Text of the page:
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Many reasons why state entities fail to comply with the Procurement Regulations

Many state entities lack procurement expertise and knowledge of the regulations. Few ministries evaluate their procurement practices, and the management of subordinate entities fails to adequately follow up this area. ‘Inadequate compliance with the regulations weakens confidence in the government administration,’ says Auditor General Jørgen Kosmo.
Published 2/16/2011 12:52 PM

Document 3:6 (2010–2011) The Office of the Auditor General’s investigation into reasons why state entities fail to comply with the Public Procurement Regulations was submitted to the Storting on 15 February 2011.
State entities frequently breach the Public Procurement Regulations. The Office of the Auditor General’s investigation shows that this is due, among other things, to poor procurement expertise, insufficient understanding and support among management, inadequate internal control and inexpedient organisation of procurement work. Over a three-year period, the Office of the Auditor General identified a total of 1,196 breaches of the regulations in 616 separate cases. Lack of competition was found in more than half of them. ‘The managements of these entities must ensure that procurement is based on competition, and that this is documented,’ says Mr Kosmo.

There is reason to believe that the ministries do not have adequate information about procurements in subordinate agencies, among other things because they have not carried out evaluations of the procurement practice of these entities or stipulated requirements for following up procurement practice. The investigation shows that the responsible ministries must follow up subordinate agencies more closely with a view to preventing new breaches of the regulations. Procurement is an area with a high risk of irregularities. This makes it particularly important to have internal control in place that can ensure that the requirements set out in the regulations are met. ‘Sixteen of 27 entities that were asked stated that some purchases were not subject to competition because the supplier was already known to them. This is a serious breach of the regulations that does not serve to further equal treatment or competition,’ Mr Kosmo points out.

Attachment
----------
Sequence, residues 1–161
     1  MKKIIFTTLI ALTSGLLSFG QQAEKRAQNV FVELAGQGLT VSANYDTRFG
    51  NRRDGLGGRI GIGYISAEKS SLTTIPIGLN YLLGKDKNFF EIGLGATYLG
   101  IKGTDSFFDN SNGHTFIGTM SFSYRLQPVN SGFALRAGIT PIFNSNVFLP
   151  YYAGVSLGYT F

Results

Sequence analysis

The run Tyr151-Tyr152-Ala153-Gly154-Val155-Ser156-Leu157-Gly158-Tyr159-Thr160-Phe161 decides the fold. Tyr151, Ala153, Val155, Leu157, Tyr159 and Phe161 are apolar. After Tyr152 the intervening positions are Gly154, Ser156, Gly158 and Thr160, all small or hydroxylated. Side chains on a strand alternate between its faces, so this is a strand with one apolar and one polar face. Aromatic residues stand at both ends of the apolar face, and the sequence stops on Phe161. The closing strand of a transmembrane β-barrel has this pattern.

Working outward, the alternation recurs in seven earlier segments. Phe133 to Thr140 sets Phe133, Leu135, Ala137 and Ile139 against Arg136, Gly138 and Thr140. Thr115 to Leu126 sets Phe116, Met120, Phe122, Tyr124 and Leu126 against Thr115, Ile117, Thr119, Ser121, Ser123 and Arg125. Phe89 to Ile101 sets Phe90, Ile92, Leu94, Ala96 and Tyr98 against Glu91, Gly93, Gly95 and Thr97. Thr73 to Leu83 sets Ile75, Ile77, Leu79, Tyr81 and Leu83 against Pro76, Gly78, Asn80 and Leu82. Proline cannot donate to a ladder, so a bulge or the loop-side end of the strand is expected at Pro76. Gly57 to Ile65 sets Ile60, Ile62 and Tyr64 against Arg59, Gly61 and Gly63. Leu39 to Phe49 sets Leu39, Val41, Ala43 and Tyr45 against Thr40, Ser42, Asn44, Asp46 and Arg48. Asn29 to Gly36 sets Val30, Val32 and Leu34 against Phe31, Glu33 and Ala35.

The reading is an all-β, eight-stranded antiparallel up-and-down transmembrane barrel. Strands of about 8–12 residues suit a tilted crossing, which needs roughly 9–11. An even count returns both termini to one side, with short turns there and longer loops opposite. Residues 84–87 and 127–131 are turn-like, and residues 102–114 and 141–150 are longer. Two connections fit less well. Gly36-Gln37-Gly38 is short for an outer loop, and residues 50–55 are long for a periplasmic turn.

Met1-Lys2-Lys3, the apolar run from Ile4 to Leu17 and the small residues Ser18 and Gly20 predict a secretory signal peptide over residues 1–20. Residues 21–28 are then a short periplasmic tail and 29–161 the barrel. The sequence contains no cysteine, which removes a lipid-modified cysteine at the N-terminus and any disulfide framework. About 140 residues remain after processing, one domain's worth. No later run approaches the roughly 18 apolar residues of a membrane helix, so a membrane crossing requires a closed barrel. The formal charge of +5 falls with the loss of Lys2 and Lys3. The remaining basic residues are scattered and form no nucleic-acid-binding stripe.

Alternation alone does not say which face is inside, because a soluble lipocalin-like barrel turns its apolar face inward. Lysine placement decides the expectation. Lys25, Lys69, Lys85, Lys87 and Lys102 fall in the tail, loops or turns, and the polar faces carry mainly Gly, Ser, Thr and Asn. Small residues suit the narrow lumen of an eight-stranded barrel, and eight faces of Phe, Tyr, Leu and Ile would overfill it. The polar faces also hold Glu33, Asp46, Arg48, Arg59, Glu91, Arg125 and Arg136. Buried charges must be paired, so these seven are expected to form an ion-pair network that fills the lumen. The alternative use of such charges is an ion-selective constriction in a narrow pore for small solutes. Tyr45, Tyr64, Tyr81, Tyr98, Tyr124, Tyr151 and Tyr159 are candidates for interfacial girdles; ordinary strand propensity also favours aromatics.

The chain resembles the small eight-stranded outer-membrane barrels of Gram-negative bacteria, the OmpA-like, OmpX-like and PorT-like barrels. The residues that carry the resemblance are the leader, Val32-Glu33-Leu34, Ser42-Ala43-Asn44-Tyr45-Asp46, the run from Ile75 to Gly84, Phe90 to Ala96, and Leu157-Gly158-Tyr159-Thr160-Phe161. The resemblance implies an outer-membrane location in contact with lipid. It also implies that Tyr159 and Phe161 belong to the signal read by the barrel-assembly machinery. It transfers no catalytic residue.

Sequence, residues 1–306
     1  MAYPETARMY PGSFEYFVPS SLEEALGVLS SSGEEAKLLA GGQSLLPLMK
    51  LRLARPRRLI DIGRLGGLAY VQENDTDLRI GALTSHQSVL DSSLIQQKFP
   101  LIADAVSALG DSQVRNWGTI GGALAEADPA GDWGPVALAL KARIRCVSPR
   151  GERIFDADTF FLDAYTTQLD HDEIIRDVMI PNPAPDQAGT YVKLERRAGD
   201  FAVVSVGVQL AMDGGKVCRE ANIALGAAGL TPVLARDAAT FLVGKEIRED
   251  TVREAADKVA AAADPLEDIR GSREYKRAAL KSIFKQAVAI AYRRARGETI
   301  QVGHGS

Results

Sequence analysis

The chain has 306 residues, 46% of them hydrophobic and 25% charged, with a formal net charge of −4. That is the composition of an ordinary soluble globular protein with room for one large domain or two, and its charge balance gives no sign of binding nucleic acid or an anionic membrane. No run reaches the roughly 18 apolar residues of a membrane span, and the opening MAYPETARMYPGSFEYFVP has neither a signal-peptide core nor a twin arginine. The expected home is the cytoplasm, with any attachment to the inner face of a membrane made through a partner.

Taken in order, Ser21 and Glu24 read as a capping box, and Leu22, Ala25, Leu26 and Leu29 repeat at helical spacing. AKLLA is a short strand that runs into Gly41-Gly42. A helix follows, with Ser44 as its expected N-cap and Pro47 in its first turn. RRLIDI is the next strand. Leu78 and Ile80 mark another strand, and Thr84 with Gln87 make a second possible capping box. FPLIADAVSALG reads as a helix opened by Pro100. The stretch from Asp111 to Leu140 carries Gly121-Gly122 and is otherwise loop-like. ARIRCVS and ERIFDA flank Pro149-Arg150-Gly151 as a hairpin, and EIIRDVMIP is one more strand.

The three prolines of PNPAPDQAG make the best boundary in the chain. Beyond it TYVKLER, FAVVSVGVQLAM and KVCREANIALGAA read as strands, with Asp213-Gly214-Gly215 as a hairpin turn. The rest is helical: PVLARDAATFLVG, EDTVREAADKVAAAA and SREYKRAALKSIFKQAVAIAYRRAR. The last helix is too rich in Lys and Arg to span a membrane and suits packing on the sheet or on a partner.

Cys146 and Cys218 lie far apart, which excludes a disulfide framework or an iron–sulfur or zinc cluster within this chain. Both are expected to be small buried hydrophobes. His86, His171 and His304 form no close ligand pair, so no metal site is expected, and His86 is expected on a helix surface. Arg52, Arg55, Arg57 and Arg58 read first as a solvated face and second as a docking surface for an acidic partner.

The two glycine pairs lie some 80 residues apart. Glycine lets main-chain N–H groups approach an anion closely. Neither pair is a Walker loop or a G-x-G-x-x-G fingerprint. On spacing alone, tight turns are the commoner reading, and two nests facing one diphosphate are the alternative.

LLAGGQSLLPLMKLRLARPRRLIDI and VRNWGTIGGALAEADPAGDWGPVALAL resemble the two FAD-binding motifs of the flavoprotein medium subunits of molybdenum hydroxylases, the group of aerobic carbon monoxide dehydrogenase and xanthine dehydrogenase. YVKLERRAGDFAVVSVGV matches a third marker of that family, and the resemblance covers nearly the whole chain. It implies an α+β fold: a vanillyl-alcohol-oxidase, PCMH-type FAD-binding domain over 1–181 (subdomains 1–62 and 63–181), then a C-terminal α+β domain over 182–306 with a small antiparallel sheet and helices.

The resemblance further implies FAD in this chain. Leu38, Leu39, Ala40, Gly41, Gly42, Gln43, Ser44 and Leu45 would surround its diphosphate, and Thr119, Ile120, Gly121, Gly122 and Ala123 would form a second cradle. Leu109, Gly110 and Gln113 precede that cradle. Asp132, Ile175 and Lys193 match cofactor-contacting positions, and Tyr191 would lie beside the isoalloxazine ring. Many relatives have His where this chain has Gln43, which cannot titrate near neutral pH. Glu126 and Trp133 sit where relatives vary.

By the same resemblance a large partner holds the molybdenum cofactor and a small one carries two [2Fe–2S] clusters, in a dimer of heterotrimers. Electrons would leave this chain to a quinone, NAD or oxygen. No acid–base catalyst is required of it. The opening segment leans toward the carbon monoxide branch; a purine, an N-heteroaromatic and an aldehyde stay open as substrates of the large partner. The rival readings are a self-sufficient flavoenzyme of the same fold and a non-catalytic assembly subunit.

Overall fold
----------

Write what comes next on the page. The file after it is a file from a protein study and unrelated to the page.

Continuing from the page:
For several years, the Office of the Auditor General has reported failures to comply with the Procurement Regulations to the Storting. While the individual agencies and ministries have a responsibility for good procurement practice, the Ministry of Government Administration, Reform and Church Affairs must work more on measures that can help to prevent breaches of the regulations and give higher priority to the work of producing a more reliable data basis for public procurements. ‘The Board of Auditors General would also like to point out that low amount thresholds combined with the extensive requirements that apply to the implementation of public procurements may have contributed to the failure to comply with the regulations,' concludes Jørgen Kosmo.

The document can be downloaded via the link on the right. Public institutions can order the document from Government Administration Services, tel. (+47) 22 24 20 00, e-mail Others can order the document from Fagbokforlaget, tel. (+47) 55 38 66 00, e-mail

The deferral of public access to documents prepared by or for the Office of the Auditor General in connection with Doc. no 3:6 (2010-2011), cf. the Act relating to the Office of the Auditor General section 18 second paragraph, is hereby set aside.

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